Boston Strangler Truth Is Even More Disturbing Than Fiction
Over the course of 18 months in the idealistic early 1960s, 13 Boston-area women were strangled and sexually assaulted. The elusive killer left behind a grotesque, ritualized crime scene, as if mocking the people who would come to it. The bodies were left in suggestive positions. Nylon stockings or other items of their personal clothing were tied around their necks. Some had bottles, brooms or other foreign objects sticking out of their bodies. Resting at the foot of the last victim, drowned on January 4, 1964, was a cheerful greeting card that read: “Happy New Year!”
The so-called Boston Strangler terrorized a city and fascinated a nation, including my grandfather, Gerold Frank, an author and journalist who traveled to Boston and became the only writer involved with the state task force that oversaw the largest manhunt. America to this day. His best-selling book on that hunt, The Boston Strangler, was adapted into a 1968 film starring Tony Curtis and Henry Fonda, which spurred an industry of true-crime houses with great staying power.
On March 17, Hulu premiered its latest addition to Boston Strangler, starring Keira Knightley and Carrie Coon as two pioneering journalists who break the story and pound the pavement until the truth is revealed and a measure of justice is served.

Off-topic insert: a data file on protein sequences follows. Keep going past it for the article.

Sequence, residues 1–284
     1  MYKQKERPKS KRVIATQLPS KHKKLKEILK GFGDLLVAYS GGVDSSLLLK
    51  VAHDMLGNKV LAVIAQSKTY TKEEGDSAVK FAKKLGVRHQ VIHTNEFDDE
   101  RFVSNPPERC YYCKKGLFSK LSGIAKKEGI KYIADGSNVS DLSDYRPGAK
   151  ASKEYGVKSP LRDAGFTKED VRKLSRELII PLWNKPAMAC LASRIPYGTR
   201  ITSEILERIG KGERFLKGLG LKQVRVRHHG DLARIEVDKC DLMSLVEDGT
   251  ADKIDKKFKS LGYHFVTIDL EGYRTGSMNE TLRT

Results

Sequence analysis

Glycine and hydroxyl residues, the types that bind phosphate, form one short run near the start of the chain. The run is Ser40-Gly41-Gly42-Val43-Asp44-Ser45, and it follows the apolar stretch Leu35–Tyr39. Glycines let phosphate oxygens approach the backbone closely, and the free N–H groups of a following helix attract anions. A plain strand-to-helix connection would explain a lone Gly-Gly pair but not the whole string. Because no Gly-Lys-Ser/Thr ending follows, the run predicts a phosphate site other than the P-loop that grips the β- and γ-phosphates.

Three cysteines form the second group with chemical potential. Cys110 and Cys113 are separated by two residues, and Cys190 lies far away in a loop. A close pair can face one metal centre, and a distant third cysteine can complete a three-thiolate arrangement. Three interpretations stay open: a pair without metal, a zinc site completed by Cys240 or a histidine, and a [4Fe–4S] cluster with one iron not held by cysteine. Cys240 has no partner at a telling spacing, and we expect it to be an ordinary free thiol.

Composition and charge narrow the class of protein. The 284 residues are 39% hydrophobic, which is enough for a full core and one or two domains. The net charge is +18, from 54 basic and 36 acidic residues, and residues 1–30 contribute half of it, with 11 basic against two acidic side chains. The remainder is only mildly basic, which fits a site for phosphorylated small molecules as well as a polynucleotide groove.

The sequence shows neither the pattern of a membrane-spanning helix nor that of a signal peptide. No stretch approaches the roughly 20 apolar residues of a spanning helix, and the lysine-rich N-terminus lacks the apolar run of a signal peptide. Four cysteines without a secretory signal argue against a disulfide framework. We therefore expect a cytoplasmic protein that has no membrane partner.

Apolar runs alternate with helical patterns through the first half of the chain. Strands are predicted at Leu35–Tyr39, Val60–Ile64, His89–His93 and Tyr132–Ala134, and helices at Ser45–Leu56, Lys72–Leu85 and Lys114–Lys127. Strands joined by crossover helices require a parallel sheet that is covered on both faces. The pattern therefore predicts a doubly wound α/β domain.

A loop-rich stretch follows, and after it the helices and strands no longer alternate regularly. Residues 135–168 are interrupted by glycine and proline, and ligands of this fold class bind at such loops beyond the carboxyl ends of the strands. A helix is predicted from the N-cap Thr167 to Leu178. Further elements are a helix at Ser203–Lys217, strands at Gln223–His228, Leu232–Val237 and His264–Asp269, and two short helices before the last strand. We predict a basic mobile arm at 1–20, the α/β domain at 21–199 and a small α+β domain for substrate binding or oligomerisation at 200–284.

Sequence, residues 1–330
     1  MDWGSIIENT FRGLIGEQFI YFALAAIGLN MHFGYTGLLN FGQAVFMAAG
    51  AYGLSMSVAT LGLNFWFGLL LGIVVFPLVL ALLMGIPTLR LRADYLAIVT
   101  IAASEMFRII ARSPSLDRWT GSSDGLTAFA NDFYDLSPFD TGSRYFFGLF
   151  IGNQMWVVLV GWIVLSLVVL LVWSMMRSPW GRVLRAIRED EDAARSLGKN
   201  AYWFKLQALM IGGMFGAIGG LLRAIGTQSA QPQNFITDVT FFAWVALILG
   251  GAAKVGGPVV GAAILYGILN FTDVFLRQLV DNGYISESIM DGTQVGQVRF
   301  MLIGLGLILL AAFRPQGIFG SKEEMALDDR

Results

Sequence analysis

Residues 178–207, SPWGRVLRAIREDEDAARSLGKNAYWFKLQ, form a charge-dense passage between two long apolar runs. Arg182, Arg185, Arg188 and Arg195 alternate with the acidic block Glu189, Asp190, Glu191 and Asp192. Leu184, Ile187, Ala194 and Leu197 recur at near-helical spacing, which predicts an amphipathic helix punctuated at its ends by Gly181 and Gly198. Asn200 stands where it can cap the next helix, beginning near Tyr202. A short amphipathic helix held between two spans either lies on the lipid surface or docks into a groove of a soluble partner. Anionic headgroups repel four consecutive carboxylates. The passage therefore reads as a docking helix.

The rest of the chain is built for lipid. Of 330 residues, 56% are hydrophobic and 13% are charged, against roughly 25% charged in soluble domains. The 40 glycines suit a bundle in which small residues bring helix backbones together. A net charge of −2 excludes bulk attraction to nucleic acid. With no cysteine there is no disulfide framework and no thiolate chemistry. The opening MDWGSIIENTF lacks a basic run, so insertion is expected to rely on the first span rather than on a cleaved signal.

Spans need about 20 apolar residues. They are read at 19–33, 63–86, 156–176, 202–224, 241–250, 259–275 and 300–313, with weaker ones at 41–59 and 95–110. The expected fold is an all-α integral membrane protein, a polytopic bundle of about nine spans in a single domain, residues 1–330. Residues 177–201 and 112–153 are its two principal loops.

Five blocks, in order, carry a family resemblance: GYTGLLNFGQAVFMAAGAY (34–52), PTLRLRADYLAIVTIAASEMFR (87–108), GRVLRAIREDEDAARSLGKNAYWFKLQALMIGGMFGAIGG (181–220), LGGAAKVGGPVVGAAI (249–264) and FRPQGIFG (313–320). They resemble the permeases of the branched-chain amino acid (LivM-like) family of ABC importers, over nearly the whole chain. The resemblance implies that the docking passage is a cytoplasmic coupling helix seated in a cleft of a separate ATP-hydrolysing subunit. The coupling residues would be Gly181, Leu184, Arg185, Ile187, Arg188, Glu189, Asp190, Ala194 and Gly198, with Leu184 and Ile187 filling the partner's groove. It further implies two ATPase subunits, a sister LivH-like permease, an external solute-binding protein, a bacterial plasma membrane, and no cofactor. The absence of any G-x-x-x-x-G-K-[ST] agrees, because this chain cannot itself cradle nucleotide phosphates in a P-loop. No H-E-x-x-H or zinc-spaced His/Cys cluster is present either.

Gerold interviewed every key figure in the investigation over three years of covering the case, including reporter Loretta McLaughlin, character Keira Knightley. And his place at the front row of the story tells a story that differed in important ways from the one that hit the screen this week.
The Hulu film, written and directed by Matt Ruskin (Crown Heights), portrays McLaughlin as a lone seeker of the truth, faced with a wall of obstacles, mostly men who are more interested in power and profit than learning the truth or to obtain justice. McLaughlin and her colleague Jean Cole (played by Coon) must pressure the investigators to do their job. Through their hard-hitting reporting, they identify a prime suspect, a handyman named Albert DeSalvo, whom the police, in their incompetence, had thought was behind bars during the killing spree and could not have been the perpetrator. It is because of the women’s persistence that the state finally takes over the hunt for the man, or men, responsible for the siege of Boston’s women.